microplastics free

Why microplastics are a problem - by The Green Cosmetry

Microplastics.. We hear a lot about them these days. But what exactly are microplastics? Laura - from The Green Cosmetry - explains it to us:

What are Microplastics?

Microplastics are small synthetic particles made from plastic materials such as polyethylene, polypropylene and polystyrene. They are commonly used in cosmetics for a variety of purposes, including as scrubbers, viscosity regulators, emulsifiers, film formers, liquid absorbers and binders. These tiny plastic particles consist of carbon and hydrogen atoms bonded together in polymer chains. However, because they can be as small as 1 µm (nano-sized) or up to 5 mm, they pose a major problem for both human health and the environment.

Why are they a problem?

One of the biggest concerns regarding microplastics is their persistence in the environment. Once these particles are discarded, there is no efficient recovery method, they are not soluble in water and do not biodegrade. As a result, they accumulate in various ecosystems, including oceans, fresh water, solid waste and even the air we breathe. Microplastics have been found in a huge variety of environments, indicating their widespread contamination.

Microplastics in cosmetics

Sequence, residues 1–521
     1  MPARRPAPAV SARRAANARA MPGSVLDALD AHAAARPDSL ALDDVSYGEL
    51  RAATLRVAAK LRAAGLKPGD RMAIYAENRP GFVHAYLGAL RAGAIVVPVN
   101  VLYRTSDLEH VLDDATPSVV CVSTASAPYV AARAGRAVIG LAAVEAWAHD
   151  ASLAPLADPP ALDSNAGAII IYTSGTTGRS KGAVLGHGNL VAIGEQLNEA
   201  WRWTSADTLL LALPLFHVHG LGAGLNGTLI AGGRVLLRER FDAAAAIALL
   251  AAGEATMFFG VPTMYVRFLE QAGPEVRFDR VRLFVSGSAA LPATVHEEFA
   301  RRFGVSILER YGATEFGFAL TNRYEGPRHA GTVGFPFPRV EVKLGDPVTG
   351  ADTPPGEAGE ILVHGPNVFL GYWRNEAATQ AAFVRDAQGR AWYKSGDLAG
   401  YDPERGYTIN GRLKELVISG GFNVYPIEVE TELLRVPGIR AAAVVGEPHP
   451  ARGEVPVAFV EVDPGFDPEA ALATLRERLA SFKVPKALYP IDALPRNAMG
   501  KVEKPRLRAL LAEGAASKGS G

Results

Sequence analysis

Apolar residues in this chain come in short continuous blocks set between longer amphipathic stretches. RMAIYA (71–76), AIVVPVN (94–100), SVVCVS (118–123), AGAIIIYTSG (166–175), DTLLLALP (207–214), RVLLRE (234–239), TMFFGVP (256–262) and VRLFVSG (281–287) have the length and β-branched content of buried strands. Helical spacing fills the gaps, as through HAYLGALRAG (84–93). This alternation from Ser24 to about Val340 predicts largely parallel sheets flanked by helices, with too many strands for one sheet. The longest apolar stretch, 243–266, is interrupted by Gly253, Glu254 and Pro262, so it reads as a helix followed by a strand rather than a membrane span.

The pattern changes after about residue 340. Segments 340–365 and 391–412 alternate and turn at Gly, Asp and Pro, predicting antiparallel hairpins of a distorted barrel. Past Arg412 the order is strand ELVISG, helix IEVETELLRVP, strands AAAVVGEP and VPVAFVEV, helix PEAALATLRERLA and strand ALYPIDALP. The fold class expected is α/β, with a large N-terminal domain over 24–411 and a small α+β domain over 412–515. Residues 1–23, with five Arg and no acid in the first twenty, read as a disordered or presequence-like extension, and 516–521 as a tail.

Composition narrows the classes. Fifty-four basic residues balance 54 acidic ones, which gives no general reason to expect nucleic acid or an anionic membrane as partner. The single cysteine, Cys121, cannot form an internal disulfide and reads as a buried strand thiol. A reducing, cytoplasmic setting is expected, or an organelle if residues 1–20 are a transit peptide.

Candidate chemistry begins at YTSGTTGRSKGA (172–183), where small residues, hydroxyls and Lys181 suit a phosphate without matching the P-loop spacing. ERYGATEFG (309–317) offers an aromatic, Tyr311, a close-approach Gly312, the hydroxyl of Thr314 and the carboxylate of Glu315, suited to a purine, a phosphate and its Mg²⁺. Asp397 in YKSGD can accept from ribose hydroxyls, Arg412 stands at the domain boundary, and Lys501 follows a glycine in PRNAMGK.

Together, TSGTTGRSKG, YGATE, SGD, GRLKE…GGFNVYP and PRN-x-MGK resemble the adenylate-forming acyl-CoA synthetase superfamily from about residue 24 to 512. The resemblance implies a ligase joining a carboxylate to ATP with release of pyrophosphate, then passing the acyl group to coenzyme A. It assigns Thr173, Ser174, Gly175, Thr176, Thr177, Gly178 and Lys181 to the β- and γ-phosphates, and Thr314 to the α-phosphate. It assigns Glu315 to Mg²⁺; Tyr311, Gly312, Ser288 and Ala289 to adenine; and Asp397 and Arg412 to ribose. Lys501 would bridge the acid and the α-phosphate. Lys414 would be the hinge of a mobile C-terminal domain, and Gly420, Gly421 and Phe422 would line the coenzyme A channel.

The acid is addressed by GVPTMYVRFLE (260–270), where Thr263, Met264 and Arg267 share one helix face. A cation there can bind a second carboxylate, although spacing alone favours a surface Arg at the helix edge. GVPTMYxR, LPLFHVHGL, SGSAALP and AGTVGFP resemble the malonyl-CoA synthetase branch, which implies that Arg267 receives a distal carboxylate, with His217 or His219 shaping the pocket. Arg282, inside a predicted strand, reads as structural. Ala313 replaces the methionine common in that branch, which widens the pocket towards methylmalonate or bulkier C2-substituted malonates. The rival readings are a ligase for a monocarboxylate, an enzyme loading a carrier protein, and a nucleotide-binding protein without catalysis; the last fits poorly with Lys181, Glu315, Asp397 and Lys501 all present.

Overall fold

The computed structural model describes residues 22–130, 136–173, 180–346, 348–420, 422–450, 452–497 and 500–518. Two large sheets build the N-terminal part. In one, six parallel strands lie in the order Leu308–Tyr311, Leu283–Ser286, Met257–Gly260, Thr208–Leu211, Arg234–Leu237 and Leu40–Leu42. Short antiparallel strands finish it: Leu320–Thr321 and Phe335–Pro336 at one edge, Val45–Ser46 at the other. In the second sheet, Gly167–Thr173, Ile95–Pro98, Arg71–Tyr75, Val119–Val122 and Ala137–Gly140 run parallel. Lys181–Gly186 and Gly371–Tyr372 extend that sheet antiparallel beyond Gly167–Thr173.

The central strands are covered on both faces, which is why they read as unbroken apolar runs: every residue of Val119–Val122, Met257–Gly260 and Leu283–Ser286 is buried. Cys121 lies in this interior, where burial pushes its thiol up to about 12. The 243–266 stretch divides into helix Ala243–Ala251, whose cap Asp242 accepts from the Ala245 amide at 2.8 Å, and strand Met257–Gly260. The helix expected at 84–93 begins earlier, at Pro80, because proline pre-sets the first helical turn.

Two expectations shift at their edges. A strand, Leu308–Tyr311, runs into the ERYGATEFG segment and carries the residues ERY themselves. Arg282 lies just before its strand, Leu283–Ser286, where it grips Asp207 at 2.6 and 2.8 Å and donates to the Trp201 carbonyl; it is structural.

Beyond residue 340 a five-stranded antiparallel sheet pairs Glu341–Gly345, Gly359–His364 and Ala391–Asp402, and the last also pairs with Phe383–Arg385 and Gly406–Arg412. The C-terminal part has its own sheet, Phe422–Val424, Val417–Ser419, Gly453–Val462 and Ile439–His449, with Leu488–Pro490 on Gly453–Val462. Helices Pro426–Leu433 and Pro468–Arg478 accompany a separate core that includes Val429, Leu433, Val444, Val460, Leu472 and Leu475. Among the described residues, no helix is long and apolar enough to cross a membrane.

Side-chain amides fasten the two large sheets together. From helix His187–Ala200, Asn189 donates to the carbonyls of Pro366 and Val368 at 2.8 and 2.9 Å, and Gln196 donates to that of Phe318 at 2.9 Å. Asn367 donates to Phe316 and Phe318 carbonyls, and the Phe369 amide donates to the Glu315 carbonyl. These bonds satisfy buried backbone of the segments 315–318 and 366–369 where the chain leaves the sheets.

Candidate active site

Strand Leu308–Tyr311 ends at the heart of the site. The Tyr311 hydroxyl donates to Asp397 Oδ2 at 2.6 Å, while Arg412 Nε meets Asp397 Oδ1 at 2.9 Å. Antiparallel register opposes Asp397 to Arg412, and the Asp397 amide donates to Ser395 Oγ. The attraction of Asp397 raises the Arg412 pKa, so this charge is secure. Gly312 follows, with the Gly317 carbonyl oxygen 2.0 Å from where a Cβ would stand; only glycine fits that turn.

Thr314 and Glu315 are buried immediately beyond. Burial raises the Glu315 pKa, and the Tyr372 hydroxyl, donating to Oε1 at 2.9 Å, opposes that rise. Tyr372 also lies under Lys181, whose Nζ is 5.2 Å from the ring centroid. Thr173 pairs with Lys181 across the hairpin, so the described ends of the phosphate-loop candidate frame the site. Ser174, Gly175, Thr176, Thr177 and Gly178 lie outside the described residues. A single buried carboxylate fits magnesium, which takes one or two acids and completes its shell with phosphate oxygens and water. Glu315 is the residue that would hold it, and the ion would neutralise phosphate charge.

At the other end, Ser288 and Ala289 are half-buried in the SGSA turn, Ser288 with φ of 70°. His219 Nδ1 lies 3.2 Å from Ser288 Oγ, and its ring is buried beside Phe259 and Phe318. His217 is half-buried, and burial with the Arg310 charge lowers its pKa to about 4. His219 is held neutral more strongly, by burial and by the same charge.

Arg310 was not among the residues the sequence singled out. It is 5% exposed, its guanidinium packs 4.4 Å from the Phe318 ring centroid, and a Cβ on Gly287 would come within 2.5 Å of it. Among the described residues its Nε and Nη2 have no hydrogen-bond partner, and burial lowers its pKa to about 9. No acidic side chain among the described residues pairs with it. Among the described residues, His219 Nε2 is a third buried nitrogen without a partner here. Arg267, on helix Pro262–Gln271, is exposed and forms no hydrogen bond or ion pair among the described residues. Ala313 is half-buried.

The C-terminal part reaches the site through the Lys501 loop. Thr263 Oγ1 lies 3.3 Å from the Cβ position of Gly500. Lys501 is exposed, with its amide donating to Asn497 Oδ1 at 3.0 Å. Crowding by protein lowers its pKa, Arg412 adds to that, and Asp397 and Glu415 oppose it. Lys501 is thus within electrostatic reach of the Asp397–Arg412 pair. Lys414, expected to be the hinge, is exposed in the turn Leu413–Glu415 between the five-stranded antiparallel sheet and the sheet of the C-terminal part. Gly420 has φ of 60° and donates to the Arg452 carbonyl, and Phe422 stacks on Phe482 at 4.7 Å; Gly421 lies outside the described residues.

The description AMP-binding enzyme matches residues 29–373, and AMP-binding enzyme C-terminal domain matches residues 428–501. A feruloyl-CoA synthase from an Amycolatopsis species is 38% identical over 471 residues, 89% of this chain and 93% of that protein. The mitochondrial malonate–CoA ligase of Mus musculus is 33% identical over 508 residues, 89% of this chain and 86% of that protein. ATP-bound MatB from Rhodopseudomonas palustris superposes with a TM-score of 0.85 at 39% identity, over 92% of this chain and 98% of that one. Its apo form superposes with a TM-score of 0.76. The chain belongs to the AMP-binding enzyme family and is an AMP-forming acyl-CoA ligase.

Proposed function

Part of the problem is direct human contact with microplastics. These particles can enter the human body through three main routes: inhalation, ingestion and skin contact. Once in the body it is no longer excreted, it can accumulate in several places in the body such as liver, kidneys, brain, placenta and other tissues. Exposure means potentially leading to oxidative stress and inflammation, which can then have greater consequences/diseases. Skin contact is one of the reasons why you don't want microplastics in your cosmetics. Fortunately, this part makes a relatively very small contribution to the total exposure to microplastics; the environmental contamination poses the greatest risk of absolute exposure.

Bigger problem

Environmental pollution allows microplastics to enter the food chain and accumulate in various organisms. Eventually, they can reach people who consume these contaminated food sources. This widespread presence of microplastics in the food chain raises concerns about their potential impact on human health.

*Good news is that the European Union (EU) will ban microplastics in cosmetics. However, this process is too slow and the scope of what exactly is being banned may be too limited. So we are still waiting for that. 1 , 2 , 3 , 4 , 5

Microplastics in your skin care? Rather not! Fortunately, all SMPL products are 100% free of microplastics.

1 Yee, MS-L. et al. Impact of microplastics and nanoplastics on human health. Nanomaterials 11 , 496 (2021).

2 Ju, S. et al. Biodegradable chito-beads replacing non-biodegradable microplastics for cosmetics. Green Chemistry 23 , 6953-6965 (2021).

3 Lei, K. et al. Microplastics releasing from personal care and cosmetic products in China. Marine Pollution Bulletin 123 , 122-126 (2017).

4 Anagnosti, L., Varvaresou, A., Pavlou, P., Protopapa, E. & Carayanni, V. Worldwide actions against plastic pollution from microbeads and microplastics in cosmetics focusing on European policies. Has the issue been handled effectively? Marine Pollution Bulletin 162 , 111883 (2021).

5 Leslie, H. Review of microplastics in cosmetics. IVM Institute for Environmental Studies 476 , 1-33 (2014).

6 https://echa.europa.eu/hot-topics/microplastics

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